May 2, 2023 - Politics & Policy

AOC, Gaetz unite to ban members of Congress from trading stocks

Illustration of caution tape with dollar signs on it covering the Capitol Dome

Illustration: Sarah Grillo/Axios

A group of bipartisan lawmakers, including some progressive Democrats and MAGA Republicans, have come together to push for banning members of Congress from trading stocks.

Driving the news: Reps. Brian Fitzpatrick (R-Pa.), Alexandria Ocasio-Cortez (D-N.Y.), Matt Gaetz (R-Fla.) and Raja Krishnamoorthi (D-Ill.) introduced the Bipartisan Restoring Faith in Government Act Tuesday, a bill that would restrict trading and ownership of financial investments by members of Congress, as well as by their spouses and dependents.

Zoom out: It's not the first time such a measure has been introduced.

  • There was significant bipartisan support for the issue last year, but bills to ban or limit the issue were never brought to the floor for a vote in either chamber.
  • Back in January, Sen. Josh Hawley (R-Mo.) reintroduced his bill – dubbed the Pelosi Act.
  • After having consistently opposed such a measure, then-House Speaker Nancy Pelosi (D-Calif.) signaled she'd relent.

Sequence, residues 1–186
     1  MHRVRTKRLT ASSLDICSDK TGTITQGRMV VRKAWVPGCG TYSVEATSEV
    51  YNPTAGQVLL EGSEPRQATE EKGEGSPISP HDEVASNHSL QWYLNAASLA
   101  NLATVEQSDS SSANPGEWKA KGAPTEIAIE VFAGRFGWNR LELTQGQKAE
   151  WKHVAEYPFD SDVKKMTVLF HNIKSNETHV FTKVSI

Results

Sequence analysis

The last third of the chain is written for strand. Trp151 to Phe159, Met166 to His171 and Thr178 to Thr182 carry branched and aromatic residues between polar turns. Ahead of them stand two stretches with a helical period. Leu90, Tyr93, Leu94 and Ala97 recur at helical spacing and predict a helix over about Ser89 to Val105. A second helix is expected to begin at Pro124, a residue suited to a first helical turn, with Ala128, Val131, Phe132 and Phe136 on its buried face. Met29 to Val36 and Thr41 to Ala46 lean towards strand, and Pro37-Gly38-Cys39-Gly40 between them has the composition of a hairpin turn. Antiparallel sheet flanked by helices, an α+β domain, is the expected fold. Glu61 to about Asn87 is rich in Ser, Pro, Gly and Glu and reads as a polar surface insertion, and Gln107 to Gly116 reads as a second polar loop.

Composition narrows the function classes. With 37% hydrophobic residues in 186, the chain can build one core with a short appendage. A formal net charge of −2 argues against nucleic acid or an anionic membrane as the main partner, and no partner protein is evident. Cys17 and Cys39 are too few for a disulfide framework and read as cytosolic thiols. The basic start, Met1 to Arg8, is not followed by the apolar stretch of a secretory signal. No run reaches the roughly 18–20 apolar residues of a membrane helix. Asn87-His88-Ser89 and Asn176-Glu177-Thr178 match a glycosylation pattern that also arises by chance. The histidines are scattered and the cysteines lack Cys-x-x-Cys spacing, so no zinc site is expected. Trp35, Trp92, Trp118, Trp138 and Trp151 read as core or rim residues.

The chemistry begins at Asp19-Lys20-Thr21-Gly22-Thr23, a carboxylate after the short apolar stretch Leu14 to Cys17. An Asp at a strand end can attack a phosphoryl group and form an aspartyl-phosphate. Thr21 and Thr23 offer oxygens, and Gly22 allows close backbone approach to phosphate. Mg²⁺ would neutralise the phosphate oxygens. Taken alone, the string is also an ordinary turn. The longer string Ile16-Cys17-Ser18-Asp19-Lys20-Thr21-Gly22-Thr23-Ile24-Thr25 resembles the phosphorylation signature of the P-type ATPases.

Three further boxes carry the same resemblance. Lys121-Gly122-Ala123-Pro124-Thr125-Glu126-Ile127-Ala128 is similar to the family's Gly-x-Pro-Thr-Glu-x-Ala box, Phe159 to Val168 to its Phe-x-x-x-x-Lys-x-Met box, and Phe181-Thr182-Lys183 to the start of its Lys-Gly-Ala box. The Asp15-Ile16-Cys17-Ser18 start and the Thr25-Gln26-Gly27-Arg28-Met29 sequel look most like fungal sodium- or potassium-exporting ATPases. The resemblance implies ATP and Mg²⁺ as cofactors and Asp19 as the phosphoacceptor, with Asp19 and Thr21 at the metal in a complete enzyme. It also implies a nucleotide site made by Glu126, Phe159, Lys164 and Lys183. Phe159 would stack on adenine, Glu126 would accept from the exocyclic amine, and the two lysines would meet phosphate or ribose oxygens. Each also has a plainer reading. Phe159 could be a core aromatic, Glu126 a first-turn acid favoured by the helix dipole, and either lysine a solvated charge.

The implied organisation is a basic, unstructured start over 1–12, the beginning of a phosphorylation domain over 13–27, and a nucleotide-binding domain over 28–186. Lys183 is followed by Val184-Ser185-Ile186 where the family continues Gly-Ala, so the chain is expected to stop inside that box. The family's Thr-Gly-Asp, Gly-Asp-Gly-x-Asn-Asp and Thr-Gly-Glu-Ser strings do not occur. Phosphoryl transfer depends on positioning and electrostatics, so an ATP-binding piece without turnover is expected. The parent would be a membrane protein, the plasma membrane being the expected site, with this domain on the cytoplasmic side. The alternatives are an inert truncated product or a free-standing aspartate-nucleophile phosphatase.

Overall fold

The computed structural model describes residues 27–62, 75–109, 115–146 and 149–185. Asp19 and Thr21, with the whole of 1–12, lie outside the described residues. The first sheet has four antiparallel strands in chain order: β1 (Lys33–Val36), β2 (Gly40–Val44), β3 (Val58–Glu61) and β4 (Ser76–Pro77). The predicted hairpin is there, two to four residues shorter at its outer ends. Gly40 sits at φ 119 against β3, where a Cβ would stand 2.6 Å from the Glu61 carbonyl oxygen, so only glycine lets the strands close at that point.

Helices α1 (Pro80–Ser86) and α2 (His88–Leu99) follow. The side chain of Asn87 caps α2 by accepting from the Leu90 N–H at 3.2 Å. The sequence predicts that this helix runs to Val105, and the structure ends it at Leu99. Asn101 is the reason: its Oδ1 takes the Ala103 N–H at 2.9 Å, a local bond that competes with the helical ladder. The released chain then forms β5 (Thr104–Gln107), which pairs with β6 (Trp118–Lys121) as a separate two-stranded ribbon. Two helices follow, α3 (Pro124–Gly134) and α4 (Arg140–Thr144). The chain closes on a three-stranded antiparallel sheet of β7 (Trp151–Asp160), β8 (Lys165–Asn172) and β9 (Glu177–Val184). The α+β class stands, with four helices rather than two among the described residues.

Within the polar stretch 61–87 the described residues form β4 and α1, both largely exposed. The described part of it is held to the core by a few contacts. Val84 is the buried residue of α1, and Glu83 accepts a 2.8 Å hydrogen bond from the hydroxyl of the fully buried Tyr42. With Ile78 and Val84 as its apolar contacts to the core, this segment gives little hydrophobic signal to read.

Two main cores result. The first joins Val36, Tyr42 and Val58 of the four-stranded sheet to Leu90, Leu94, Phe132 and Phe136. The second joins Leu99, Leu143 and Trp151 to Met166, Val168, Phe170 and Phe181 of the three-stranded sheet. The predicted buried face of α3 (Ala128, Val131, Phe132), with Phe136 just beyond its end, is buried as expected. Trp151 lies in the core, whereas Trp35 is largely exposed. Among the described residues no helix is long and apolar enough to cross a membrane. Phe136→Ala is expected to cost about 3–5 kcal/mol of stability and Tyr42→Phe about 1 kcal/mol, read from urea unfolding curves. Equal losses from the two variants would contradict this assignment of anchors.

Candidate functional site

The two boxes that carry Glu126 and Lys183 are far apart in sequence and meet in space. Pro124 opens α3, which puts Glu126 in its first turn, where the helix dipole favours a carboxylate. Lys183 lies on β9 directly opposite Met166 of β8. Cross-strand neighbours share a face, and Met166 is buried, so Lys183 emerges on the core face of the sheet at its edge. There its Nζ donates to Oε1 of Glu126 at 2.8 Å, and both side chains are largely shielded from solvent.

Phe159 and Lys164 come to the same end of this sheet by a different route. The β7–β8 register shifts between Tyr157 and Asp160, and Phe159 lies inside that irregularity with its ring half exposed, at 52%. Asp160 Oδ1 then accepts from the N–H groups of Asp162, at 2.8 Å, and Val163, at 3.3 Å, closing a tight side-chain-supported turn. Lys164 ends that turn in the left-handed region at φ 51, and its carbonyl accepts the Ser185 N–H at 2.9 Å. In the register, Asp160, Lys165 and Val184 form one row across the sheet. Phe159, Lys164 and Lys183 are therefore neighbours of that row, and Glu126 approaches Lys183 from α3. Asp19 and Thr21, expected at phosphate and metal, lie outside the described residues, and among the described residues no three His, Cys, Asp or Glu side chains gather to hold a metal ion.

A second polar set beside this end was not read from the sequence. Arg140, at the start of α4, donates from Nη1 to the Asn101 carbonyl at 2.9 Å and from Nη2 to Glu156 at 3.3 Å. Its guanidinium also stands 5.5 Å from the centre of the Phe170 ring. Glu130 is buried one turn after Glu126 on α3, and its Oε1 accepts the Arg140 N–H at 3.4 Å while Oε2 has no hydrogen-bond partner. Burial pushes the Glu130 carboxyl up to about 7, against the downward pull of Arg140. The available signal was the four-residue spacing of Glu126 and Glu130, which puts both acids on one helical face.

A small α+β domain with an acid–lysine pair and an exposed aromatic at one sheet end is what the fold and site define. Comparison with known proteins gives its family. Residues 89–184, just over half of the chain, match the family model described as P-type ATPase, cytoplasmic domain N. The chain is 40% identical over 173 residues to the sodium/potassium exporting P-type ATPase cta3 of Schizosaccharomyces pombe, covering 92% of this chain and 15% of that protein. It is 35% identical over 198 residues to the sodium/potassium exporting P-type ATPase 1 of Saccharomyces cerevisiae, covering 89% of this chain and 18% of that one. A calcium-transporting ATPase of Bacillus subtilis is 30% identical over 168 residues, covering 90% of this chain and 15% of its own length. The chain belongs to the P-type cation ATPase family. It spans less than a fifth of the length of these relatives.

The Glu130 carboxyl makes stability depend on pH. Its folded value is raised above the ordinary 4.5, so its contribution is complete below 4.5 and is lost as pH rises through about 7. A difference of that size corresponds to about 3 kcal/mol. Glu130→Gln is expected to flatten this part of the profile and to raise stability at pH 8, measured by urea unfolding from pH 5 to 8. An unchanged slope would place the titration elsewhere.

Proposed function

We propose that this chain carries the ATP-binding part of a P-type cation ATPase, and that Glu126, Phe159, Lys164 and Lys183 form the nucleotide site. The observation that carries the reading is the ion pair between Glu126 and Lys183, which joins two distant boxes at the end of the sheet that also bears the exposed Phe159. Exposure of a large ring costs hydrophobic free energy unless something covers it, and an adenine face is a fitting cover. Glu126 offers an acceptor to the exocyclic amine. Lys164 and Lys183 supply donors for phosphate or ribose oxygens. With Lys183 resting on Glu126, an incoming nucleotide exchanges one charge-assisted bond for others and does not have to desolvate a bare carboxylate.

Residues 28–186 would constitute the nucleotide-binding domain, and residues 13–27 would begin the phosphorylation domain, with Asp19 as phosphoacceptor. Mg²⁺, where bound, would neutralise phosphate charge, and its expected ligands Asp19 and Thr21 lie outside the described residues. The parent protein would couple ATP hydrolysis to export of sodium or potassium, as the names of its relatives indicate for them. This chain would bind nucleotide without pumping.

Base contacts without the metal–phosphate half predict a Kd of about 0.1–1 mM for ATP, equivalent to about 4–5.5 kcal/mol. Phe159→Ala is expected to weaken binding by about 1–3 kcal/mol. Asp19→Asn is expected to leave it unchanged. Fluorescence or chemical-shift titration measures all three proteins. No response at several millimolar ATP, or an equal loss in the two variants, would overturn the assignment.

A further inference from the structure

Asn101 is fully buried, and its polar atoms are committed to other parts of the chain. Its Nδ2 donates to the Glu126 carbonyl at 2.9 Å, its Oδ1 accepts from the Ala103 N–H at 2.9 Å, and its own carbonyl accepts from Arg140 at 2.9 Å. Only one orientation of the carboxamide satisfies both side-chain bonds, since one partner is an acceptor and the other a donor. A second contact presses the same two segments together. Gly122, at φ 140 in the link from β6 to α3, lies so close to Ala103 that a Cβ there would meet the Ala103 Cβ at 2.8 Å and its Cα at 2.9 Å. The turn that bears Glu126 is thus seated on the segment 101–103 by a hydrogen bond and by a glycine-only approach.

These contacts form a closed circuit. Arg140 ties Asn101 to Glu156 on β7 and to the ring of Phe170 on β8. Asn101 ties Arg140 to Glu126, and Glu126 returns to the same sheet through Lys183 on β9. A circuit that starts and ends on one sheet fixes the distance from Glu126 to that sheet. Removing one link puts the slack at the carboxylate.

Between the lines: Members of Congress have great power to move stock prices, and great financial incentives to do so, Axios' Dan Primack notes.

State of play: The unlikely quartet who introduced the bill unites centrists, right and left-wing members with essentially one common line: age.

  • The lawmakers are among the younger members of Congress.
  • The stance is an anti-establishment, of-the-people issue that can work in the lawmakers' favor when campaigning.

What they're saying: "The fact that Members of the Progressive Caucus, the Freedom Caucus, and the Bipartisan Problem Solvers Caucus, reflecting the entirety of the political spectrum, can find common ground on key issues like this should send a powerful message to America," Fitzpatrick said in a statement.

  • "Members of Congress, including their dependents, must be prohibited from trading in stocks while they are serving in Congress and have access to sensitive, inside information," he added. "This is basic common sense and basic Integrity 101."
  • "The ability to individually trade stock erodes the public’s trust in government," Ocasio-Cortez said in a statement. "When Members have access to classified information, we should not be trading in the stock market on it. It’s really that simple."
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